Quick service

JS Cheema, who runs a post-production house in Chandigarh, likens the new cinema to rustled up fast food. That’s so true if we compare it to his own 1981 cult classic Chann Pardesi featuring Om Puri, Amrish Puri and Raj Babbar. It had the flavour of the saag that had simmered in an earthen pot on a smouldering chulha for hours. “Sometimes, the editing is so poor, dubbing becomes a struggle for me. Many of these guys are wedding photographers-turned-music-video-makers-turned film directors,” he says.

Anurag Singh, the 36-year-old director of Jatt and Juliet, is one of the few exceptions. From a small Kapurthala village, he went to Australia to learn filmmaking. After a stint in Bollywood, he came back to make Punjabi films. Most of his fellow filmmakers are also young, so it’s cinema of the youth. “In some ways, these films also have parts of our own experience of migrating from a rural to urban setting and the resultant culture shock,” he says. He admits the gleaming Punjab in the movies is a reflection of prosperity that has come from selling land.

It takes just ₹1 crore to produce a decent movie. With big stars, the cost can go up to ₹5 crore. Jatt and Juliet made ₹35 crore, and its success has been pulling money from a flattened real estate market. But Anurag warns that the boom in cinema could be as fragile as the real estate bubble. “Let me tell you, very few property dealers who finance movies are making profits. Ninety per cent never return to make another movie.” he says. “Yet, few can resist the lure of overnight fame, mixing with girls and holding press conferences,” says independent film writer Navleen Lakhi. “Investors are not deterred. A veritable industry has sprung up all over the State, providing employment to a wide range of people.”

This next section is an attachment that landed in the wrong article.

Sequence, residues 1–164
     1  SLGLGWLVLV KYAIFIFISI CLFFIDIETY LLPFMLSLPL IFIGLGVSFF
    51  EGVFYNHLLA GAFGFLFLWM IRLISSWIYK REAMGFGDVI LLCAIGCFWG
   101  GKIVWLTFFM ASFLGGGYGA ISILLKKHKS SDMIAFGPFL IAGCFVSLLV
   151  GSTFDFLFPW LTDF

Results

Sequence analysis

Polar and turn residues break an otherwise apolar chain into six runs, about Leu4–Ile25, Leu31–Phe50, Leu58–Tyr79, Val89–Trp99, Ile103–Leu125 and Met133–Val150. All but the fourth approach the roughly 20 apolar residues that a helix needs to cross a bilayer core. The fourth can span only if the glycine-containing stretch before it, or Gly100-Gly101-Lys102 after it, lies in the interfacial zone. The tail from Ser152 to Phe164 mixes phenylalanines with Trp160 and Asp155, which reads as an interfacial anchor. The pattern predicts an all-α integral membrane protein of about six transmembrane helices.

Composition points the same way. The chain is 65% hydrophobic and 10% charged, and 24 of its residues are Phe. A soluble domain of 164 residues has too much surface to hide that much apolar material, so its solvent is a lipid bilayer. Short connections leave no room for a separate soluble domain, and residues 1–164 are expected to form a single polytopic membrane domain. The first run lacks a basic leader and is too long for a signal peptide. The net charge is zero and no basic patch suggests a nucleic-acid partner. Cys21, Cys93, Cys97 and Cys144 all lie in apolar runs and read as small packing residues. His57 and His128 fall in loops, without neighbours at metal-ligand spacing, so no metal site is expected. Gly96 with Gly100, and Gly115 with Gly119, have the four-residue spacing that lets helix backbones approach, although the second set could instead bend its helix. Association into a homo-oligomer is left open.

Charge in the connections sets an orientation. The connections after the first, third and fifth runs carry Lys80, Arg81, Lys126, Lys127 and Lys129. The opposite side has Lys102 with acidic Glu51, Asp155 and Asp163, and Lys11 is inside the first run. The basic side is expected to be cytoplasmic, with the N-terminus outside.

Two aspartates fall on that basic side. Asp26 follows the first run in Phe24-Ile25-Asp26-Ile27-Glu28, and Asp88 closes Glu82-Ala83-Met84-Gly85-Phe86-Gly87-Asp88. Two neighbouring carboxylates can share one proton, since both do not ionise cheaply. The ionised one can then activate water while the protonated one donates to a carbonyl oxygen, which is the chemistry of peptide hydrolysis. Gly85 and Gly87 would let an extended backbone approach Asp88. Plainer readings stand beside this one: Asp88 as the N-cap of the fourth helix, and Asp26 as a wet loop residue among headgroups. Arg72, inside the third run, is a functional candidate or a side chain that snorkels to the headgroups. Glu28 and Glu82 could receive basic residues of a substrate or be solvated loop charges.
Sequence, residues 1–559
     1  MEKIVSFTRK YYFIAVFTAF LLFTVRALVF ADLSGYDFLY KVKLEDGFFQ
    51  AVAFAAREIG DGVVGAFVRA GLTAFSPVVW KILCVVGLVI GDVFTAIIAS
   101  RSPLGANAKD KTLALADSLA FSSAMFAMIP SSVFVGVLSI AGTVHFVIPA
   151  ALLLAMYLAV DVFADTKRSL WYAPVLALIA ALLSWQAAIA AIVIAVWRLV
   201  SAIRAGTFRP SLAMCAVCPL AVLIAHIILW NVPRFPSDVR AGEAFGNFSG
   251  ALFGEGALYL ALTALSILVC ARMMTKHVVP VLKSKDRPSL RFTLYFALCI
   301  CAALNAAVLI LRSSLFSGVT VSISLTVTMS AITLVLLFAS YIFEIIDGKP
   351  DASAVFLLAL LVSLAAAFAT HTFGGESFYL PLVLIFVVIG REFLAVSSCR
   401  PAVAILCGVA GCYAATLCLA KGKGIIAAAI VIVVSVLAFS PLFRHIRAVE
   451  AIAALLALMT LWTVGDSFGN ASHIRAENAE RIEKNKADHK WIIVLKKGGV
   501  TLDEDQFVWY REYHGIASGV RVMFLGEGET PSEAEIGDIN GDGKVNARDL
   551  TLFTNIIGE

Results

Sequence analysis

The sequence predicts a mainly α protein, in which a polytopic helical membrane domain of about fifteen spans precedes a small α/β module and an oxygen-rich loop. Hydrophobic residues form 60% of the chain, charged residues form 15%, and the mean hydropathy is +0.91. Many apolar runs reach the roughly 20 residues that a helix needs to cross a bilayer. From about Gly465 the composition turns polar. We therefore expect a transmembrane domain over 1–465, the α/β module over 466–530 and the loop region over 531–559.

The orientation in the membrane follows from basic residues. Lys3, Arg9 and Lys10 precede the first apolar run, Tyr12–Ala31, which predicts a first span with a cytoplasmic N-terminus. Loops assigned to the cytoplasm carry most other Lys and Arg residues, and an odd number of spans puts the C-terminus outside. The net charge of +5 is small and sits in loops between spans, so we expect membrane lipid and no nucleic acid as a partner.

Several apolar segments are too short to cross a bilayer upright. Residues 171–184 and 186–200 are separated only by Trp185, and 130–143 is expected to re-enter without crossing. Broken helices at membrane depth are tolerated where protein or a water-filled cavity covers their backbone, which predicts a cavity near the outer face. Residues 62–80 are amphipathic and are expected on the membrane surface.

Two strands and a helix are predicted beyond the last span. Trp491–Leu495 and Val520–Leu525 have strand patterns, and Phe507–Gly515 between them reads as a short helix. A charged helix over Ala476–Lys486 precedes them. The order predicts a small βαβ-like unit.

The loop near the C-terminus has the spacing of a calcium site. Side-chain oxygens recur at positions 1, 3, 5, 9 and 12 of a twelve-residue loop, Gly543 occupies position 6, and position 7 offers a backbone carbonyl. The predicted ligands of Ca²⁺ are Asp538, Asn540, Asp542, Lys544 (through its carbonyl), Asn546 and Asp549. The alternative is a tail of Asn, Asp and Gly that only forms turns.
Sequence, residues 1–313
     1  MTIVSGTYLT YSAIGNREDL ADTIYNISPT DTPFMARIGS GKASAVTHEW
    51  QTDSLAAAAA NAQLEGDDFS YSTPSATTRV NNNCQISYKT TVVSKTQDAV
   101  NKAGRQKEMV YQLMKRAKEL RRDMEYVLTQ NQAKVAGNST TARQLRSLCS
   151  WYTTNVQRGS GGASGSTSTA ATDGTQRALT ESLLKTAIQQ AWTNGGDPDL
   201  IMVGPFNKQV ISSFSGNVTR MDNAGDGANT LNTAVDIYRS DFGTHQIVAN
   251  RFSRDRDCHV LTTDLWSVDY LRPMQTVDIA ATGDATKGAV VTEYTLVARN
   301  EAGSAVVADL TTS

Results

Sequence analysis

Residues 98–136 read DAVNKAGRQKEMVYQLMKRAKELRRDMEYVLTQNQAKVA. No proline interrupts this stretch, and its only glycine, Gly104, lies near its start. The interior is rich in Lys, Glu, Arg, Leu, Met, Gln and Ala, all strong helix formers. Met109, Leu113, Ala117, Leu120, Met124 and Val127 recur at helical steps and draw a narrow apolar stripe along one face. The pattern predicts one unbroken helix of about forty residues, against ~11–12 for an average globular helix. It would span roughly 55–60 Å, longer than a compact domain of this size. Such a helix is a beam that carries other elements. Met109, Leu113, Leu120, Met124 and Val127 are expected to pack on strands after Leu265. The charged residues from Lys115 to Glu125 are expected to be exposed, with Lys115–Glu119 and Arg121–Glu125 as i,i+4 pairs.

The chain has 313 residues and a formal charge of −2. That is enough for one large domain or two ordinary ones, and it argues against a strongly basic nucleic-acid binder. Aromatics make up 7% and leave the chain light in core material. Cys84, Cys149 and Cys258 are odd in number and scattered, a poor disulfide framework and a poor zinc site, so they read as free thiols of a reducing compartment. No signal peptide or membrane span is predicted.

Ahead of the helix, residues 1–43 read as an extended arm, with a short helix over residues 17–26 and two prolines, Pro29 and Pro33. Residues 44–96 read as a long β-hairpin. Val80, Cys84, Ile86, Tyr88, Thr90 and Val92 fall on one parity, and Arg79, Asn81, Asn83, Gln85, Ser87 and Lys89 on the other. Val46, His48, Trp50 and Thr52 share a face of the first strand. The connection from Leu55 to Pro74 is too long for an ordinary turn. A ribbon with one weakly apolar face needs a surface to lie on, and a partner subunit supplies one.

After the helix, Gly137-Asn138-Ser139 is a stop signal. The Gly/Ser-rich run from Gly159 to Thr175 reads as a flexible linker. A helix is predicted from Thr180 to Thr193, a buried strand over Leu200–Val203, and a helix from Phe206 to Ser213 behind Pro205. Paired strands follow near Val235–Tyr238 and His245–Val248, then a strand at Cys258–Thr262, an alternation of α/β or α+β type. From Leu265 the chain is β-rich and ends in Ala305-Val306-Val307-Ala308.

Property czars are funding a cinema as cut off from reality as the islands of luxury they construct in the middle of nowhere. These movies will tell you little about Punjab’s loudest issues: the drugs, pollution, cancer and, of course, female infanticide. Jatinder Mauhar, 34, who whips up nervous energy to create a starkly realist cinema, believes people cannot keep on watching romantic comedies alone. His Mitti and Sikandar tell bleak stories of youth embroiled in politics and crime. He is now making a film on terrorism, the current flavour of Punjabi cinema. “Films on terrorism, Operation Bluestar or the 1984 riots made so far, don’t create a dialogue around these issues or ask tough questions,” he says. Though Punjabi arthouse cinema is flourishing (Rajiv Sharma’s National Award-winner Nabar, Gurvinder Singh’s Anhe Ghore Da Daan and Navtej Sandhu’s short film Nooran, the first Punjabi film to enter Cannes, have all made waves), Mauhar says he would rather make good movies within the mainstream.

He must find his voice amid the scrambled noise of jatts, Juliets and jameen to create meaningful cinema. Punjabi poet Pash had said that being the son of the fields, he would not sing of “your decadent tastes”. Maybe, after the decline of the jatt in Punjabi cinema, directors like Mauhar can retrieve that son of the soil.

Dharminder Kumar is a freelance journalist in Delhi

(This article was published on May 30, 2014)